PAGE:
The key word is training for operating in the cold and also acclimation to it. When doing the military service in Finland 90s, I do remember being cold in October-November (of course it's also wet at that time), by January/February the cold wasn't really a problem, you get used to it (of course we had winter clothing too).

I do remember during the Kymi 96 military manouvers/training, the lieutenant came around, when I was eating my dinner, "there's this British reporter here, he wants to talk to a conscript and you're good with english". So I go outside to chat with the reporter, eating my dinner while chatting with him, wearing a t-shirt and it's -25C°, the reporter asked "how the hell do you handle the cold?". I replied "you get used to it". To be honest, it was cold but it was only for a couple of minutes it wasn't windy, so it's not that terrible.

[–]haysanatar 47 points48 points49 points  (3 children)

Oh boy!!!! I get to post my favorite Winter War Joke!!!!.

A large group of Russian soldiers in the border area in 1939 are moving down a road when they hear a voice call from behind a small hill: "One Finnish soldier is better than ten Russian".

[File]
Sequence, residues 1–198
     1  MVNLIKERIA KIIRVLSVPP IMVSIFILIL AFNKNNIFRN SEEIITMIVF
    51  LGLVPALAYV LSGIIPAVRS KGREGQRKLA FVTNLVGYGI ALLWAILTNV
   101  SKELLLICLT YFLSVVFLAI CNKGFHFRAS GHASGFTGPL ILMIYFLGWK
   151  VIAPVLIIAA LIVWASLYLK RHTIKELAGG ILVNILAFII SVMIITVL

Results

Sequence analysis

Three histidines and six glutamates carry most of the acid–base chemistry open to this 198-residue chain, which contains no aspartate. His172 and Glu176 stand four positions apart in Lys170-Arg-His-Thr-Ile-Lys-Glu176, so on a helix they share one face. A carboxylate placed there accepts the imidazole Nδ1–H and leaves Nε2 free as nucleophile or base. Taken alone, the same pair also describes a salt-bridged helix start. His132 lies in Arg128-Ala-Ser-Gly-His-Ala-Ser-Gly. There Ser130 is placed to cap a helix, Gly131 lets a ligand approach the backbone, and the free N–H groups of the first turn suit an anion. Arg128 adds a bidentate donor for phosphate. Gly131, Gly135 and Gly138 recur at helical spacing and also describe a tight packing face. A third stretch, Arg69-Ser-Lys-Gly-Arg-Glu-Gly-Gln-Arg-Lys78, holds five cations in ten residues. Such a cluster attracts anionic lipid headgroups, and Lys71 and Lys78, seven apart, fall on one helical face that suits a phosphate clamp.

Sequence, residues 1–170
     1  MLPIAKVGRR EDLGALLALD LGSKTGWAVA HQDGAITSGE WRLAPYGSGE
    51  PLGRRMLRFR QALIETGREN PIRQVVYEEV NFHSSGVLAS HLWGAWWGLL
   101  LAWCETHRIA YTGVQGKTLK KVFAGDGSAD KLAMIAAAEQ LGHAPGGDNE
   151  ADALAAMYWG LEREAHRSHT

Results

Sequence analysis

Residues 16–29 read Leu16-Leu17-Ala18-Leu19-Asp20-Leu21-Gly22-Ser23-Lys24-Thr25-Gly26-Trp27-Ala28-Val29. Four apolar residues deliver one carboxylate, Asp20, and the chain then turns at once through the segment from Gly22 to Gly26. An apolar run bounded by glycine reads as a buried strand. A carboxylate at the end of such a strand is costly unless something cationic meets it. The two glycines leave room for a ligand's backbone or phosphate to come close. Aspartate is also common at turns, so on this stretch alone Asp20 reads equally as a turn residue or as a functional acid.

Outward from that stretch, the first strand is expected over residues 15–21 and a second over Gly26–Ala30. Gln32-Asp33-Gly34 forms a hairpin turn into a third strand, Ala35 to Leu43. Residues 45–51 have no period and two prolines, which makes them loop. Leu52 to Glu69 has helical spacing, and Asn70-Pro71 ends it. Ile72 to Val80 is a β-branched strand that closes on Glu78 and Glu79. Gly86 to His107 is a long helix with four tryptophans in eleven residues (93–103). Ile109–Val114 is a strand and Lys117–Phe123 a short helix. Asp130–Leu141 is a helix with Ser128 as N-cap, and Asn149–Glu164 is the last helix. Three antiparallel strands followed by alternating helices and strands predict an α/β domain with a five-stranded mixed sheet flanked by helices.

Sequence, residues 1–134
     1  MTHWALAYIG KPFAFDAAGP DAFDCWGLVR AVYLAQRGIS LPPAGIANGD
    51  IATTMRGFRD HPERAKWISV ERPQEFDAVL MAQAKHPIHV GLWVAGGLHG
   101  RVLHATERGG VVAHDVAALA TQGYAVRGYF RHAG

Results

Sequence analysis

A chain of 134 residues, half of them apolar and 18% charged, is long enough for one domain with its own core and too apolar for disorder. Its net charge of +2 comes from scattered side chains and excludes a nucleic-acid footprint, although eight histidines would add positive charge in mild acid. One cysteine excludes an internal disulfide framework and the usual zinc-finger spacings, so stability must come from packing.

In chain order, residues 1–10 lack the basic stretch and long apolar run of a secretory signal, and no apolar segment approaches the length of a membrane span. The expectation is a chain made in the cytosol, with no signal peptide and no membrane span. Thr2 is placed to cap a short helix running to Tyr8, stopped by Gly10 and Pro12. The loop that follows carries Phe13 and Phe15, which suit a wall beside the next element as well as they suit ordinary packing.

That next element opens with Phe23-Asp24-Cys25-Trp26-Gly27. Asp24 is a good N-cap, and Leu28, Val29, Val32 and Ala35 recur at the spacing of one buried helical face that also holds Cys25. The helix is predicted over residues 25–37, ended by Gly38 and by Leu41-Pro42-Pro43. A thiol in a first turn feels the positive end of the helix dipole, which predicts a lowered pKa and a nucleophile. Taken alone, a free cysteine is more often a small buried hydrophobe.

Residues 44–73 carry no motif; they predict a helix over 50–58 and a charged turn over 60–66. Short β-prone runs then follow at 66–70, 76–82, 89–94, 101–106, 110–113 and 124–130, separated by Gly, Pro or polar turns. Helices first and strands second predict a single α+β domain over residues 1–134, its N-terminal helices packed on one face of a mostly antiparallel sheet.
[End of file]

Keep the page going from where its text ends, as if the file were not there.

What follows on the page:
The Russian commander quickly orders 10 of his best men over the hill where Upon a gun-battle breaks out and continues for a few minutes, then silence. The voice once again calls out: "One Finn is better than one hundred Russian."

Furious, the Russian commander sends his next best 100 troops over the hill and instantly a huge gun fight commences. After 10 minutes of battle, again Silence. The calm Finnish voice calls out again: "One Finn is better than one thousand Russians!"

The enraged Russian commander musters 1000 fighters and sends them to the other side of the hill. Rifle fire, machine guns, grenades, rockets and cannon fire ring out as a terrible battle is fought...

Then silence.

Eventually one badly wounded Russian fighter crawls back over the hill and with his dying words tells his commander, "Don't send any more men...it's a trap. There's two of them."